The federal and state insurance benefits marketplaces have provided Americans with another option for healthcare coverage, but one of the main issues many people have had with the plans are their narrow networks. According to The New York Times, however, these networks may soon widen.
The Times reported President Barack Obama’s administration is working with state insurance regulators to create more robust standards regarding provider networks. According to the newspaper, state will be allowed to create additional regulations and standards on insurance networks.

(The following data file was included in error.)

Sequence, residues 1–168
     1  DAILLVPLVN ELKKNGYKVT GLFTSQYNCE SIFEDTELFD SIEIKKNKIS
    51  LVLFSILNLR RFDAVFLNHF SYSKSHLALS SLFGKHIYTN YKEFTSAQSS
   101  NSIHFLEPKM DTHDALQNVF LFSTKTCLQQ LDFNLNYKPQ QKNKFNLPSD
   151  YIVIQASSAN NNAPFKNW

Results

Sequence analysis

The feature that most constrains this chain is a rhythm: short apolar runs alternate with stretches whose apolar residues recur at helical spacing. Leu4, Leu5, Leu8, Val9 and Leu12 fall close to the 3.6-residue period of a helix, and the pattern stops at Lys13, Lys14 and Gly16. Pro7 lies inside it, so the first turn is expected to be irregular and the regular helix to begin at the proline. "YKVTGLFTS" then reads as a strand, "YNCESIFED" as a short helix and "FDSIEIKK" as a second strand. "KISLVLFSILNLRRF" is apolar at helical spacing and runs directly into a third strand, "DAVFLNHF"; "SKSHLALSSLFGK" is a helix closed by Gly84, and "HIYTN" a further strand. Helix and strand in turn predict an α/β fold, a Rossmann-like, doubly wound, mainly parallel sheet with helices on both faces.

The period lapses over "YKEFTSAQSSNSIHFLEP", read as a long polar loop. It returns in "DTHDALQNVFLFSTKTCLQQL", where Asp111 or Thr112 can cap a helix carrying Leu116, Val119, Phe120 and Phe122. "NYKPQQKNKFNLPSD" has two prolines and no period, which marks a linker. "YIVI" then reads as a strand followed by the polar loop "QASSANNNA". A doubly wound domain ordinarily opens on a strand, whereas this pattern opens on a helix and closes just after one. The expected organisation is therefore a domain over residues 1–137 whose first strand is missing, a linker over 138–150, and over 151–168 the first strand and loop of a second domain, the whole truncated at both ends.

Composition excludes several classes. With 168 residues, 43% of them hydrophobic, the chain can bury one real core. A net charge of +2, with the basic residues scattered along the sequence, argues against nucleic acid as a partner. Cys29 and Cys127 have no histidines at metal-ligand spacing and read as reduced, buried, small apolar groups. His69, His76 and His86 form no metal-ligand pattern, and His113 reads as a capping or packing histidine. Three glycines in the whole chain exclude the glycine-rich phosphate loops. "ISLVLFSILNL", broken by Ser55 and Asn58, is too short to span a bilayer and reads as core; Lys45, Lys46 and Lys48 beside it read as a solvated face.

According to a blog on domestic policy by Reihan Salam for the National Review, narrow networks are now commonplace and are meant to be a cost control measure for insurers. The reason narrow insurance benefits networks are problematic is if patients need to receive care from a provider outside the network, such as during an emergency situation or when they are unable to find a physician in the network, they can be hit with large costs, often without their knowledge. New York is one state that has already taken action to prevent patients from receiving surprise bills, and providers must now communicate with patients about their insurance. The new standards may help to reduce this issue, making exchange-offered plans even more attractive.